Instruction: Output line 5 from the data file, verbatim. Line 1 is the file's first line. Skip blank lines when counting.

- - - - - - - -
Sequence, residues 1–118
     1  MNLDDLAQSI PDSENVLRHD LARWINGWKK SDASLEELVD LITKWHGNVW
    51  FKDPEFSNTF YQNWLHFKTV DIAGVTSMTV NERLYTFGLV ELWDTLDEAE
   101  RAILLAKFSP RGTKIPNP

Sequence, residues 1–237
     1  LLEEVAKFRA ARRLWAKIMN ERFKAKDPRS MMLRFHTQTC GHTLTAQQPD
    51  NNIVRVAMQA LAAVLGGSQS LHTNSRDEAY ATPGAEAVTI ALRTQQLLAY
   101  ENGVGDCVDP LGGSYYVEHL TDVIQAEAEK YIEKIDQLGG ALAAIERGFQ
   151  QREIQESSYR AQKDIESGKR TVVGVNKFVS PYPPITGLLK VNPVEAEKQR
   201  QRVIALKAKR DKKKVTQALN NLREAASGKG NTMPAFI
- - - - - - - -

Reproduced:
Sequence, residues 1–237